In various implementations, a processor or controller may be coupled to one or more storage media (e.g., volatile and nonvolatile computer memory such as RAM, PROM, EPROM, and EEPROM, floppy disks, compact disks, optical disks, Generally referred to herein as "memory"). In some implementations, the storage medium may be encoded with one or more programs that execute at least a portion of the functions described herein when executed on one or more processors and / or controllers. Various storage media may be fixed or transportable within the processor or controller so that one or more programs stored thereon may be loaded into the processor or controller to implement various aspects of the invention described herein. The term "program" or "computer program" is used herein to refer to any type of computer code (e.g., software or microcode) that can be used to program one or more processors or controllers .

Each of the regions 1004A through 1004D includes light sources 1008, which in one embodiment may be light sources 902A, 902B, 914A through 914C, 916, 920A through 920D. Region 1004A is shown having twelve light sources 1008 and region 1004B is shown having four light sources 1008 and region 1004C is illustrated as having eight light sources 1008, And region 1004D is shown as having six light sources 1008, the region may have only one light source. Light sources 1008 may communicate with each other via a number of control paths including optical, wired, or wireless communication paths.

One or more of the light sources 1008 may have a processor and / or memory. In some embodiments, light sources 1008 with a processor such as controllers 1006A-1006D operate a schema for light sources 1008 in a given area. For example, the controller 1006C may operate a schema for the waiting room area 1004C. In one embodiment, one of the light sources with a processor may be designed as a "master" processor or controller that monitors signals from other processors to ensure proper system operation. The master processor may also operate a schema for a particular area 1004A through 1004D. For example, controller 1006D may operate a schema for area 1004D and may also act as a master processor for network 1002. [ When the master processor detects a problem in the processor within the light source, the master processor may designate a spare processor in the network to take charge of executing the schema for the area. If the master controller 1006D detects a problem in the processor in the light source, such as, for example, the controller 1006A, the master controller 1006D may, for example, For example, controller 1006E may specify a preliminary process within the network. Memory modules 1012 may store information such as schema and user preferences. In one embodiment, memory modules 1012 each store the same information. If the controller can not retrieve information from one memory module, it may retrieve the same information from another memory module that can communicate with it. In another embodiment, one or more of the memory modules 1012 stores different information from the other memory modules.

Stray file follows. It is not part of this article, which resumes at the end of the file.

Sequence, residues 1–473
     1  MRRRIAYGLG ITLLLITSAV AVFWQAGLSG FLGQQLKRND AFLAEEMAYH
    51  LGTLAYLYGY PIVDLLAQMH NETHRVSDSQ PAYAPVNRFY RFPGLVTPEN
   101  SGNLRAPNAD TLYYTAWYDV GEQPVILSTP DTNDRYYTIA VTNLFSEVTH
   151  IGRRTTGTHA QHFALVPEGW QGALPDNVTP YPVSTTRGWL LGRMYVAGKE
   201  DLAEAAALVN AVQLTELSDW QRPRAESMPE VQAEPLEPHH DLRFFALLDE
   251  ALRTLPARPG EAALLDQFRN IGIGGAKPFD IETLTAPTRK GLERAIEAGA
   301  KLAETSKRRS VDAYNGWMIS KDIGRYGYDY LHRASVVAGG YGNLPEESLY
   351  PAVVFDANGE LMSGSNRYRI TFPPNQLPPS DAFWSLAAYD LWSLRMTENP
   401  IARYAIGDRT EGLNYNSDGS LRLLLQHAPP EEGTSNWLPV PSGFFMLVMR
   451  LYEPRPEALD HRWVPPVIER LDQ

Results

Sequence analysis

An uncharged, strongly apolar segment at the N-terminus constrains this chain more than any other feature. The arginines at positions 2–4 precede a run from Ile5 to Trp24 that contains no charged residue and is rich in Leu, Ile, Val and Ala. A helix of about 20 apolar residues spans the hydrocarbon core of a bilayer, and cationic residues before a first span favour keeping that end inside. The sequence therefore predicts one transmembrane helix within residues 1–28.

In one embodiment, if one or more of the regions 1004A through 1004D or sections of regions do not have a controller 1006, the devices in regions 1004A through 1004D may receive commands therefrom, 0.0 &gt; 1004D &lt; / RTI &gt;

In the embodiment shown in FIG. 10, the memory modules 1012 are distributed across the network. In this embodiment, subsystems or areas within the network may submit data to other subsystems or areas that use the information to modify the localized databases. For example, a particular set of behaviors may be set in area 1004A, and preferences are stored locally in memory module 1012 located within area 1004A. The controller 1006D may poll the memory modules 1012 in the network and the area 1004D may be set to 1004D if the sensors detect some kind of different behavior there, &Lt; / RTI &gt; may find the closest matching and copy over preferences or schema parameters to the local database / memory in the database. In one embodiment, controller 1006D may also poll remote data storage devices to find closest matches and copies across preferences or schema parameters. The principle of transmitting or radiating illumination behavior from one area of the network to another may also be done using a database that is central to the network.